# AMBER Archive (2004)Subject: Re: AMBER: Sander klambda question

From: David A. Case (case_at_scripps.edu)
Date: Wed May 05 2004 - 18:43:44 CDT

On Wed, May 05, 2004, Linda Prengaman wrote:

> I'm working on a thermodynamic integration project using Sander, and
> I'm not quiet sure I understand conceptually why the klambda value
> should be set to 4 when atoms are disappearing during the perturbation
> process. Could someone please enlighten me? I understand
> mathematically this value keeps the integral finite as lambda
> approaches 1, but beyond that I'm at a loss.
>

It sounds like you already understand the situation, and there is nothing
"conceptually" that goes much beyond what you wrote: in order to evaluate the
integral numerically, it is easiest to have a smooth integrand that is finite
everywhere. Setting klambda to 4 (or even to 5 or 6) is one simple way to
accomplish this.

Don't be afraid to just play with things. For example, try a simulation
with klambda=1, looking especially at the behavior at lambda = 0.90,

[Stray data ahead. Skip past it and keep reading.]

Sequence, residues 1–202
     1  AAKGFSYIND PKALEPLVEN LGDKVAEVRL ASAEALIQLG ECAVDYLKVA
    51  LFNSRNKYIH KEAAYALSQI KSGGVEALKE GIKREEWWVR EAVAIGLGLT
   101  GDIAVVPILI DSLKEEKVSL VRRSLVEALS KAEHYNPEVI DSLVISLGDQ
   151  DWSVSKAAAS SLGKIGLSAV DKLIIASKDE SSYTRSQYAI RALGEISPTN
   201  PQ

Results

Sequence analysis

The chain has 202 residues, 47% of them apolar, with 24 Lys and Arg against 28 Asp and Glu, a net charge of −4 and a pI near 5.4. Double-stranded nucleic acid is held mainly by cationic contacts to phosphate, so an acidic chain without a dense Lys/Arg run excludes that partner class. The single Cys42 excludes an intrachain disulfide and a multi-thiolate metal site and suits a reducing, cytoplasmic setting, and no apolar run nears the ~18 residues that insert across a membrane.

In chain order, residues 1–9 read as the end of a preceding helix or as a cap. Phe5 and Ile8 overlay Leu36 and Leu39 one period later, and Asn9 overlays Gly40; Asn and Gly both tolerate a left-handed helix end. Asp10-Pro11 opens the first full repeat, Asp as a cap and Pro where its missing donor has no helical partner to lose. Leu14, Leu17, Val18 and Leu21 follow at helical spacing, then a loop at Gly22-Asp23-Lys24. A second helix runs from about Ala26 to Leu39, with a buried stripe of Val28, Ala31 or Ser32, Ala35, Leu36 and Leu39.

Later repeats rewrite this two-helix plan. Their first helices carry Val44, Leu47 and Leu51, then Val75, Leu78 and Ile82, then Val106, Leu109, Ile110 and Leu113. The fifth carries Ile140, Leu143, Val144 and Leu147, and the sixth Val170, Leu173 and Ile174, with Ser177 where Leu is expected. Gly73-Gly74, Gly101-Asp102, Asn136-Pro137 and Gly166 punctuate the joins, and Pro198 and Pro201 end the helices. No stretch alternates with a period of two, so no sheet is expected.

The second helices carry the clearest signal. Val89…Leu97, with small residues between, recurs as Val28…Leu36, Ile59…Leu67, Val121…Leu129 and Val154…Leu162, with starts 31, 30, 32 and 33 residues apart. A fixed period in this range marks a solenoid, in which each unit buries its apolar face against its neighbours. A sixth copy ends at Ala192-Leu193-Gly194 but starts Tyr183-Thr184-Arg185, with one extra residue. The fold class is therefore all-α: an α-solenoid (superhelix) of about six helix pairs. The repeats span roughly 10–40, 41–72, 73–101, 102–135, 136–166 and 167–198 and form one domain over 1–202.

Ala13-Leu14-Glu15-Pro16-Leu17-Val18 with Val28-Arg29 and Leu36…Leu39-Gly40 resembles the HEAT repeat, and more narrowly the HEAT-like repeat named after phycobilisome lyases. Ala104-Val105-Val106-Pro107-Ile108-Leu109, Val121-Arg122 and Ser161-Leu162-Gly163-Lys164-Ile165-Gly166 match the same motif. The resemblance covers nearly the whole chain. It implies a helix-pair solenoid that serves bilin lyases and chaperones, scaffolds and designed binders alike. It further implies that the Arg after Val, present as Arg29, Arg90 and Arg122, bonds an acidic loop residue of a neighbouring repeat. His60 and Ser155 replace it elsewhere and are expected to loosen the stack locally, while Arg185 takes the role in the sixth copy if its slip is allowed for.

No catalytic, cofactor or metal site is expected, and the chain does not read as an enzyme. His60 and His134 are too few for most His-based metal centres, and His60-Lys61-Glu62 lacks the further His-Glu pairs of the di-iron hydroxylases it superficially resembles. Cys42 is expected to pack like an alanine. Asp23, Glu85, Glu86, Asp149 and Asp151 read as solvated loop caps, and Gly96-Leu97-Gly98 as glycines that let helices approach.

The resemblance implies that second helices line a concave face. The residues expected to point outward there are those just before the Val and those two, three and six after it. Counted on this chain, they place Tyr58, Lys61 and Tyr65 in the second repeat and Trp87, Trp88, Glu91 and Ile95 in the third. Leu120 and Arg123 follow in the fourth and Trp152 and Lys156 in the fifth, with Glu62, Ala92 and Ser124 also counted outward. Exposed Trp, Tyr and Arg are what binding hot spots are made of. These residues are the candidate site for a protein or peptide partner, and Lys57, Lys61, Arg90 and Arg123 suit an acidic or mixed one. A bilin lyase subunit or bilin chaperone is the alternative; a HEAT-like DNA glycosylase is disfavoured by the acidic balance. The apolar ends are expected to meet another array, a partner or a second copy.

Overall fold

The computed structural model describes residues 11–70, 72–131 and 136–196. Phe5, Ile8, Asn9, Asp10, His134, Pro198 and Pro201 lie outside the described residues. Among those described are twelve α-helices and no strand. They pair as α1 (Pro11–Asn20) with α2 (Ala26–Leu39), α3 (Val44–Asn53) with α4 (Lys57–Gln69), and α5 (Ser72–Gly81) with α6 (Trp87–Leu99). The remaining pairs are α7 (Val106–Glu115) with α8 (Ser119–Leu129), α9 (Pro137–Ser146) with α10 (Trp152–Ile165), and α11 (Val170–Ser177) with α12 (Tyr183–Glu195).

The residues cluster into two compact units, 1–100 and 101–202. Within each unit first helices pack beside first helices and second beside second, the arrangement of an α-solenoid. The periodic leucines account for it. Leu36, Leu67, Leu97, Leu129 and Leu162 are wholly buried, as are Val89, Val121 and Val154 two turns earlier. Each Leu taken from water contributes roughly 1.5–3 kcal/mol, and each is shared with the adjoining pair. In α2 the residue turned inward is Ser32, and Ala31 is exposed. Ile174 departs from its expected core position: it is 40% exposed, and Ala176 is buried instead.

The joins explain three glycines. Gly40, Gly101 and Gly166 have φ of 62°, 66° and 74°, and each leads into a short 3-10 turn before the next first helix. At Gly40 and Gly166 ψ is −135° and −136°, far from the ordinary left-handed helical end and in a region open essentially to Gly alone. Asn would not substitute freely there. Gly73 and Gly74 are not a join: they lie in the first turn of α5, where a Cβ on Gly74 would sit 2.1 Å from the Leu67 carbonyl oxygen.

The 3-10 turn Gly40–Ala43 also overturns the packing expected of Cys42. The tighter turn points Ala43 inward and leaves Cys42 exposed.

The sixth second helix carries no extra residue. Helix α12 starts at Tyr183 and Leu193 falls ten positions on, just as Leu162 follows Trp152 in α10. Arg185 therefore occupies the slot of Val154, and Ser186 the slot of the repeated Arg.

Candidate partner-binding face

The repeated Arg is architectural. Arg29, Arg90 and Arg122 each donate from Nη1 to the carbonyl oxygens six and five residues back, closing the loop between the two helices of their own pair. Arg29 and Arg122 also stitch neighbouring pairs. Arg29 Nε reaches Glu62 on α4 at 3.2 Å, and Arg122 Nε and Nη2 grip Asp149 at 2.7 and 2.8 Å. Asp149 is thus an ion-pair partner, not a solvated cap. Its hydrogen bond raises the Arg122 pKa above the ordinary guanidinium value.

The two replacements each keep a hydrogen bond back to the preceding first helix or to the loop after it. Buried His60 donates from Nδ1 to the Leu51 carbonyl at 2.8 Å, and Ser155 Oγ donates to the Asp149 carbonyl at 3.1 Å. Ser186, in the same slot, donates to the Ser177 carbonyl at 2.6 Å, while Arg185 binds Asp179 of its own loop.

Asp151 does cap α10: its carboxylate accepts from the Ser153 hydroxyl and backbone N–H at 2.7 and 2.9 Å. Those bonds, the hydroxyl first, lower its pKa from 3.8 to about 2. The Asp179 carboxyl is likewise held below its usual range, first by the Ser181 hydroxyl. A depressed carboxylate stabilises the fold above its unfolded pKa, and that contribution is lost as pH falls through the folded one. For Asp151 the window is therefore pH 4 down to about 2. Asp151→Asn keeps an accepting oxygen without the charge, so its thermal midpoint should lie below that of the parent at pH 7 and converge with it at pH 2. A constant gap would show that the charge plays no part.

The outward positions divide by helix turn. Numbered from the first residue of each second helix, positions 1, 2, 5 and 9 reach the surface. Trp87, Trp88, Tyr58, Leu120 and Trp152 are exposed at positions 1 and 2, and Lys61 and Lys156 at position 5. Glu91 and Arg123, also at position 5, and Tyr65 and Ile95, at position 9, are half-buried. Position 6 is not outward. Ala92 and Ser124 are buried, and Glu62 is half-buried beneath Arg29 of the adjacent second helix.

0.95, 0.99, 0.999, etc. You will see that the value of <dV/dlambda> gets very
large and negative, and that the uncertainties also get very large. Then
try a simulation with klambda=4, and look at the behavior in the same
region of lambda (from 0.9 to 0.99).

A brief but very clear discussion of this is given by Tom Simonson:

%A T. Simonson
%T Free energy calculations
%B Computational Biochemistry and Biophysics
%E O. Becker
%E A.D. MacKerell
%E B. Roux
%E M. Watanabe
%I Marcel Dekker
%C New York
%D 2001
%P 169-197

This review contains references to the original literature where these points
are treated in greater depth. A nice (if quite detailed) example of
annihilation is given here:

%A M.R. Shirts
%A J.W. Pitera
%A W.C. Swope
%A V.S. Pande
%T Extremely precise free energy calculations of amino acid side chain
analogs: Comparison of common molecular mechanics force fields for proteins
%J J. Chem. Phys.
%V 119
%P 5740-5761
%D 2003

(see. esp. Eq. 8 and Figure 2). These authors use a somewhat more complicated
lambda dependence (which may accelerate convergence of their estimates of
the required MD averages), but the basic simulations are very similar to those
you can carry out in sander. (When things larger than a methyl group are
disappearing, I have found it advantageous to use klambda=5 or 6, but this is
a matter of efficiency of sampling, not of the final result that one obtains.)

...hope this helps....dac

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David A. Case                     |  e-mail:      case_at_scripps.edu
Dept. of Molecular Biology, TPC15 |  fax:          +1-858-784-8896
The Scripps Research Institute    |  phone:        +1-858-784-9768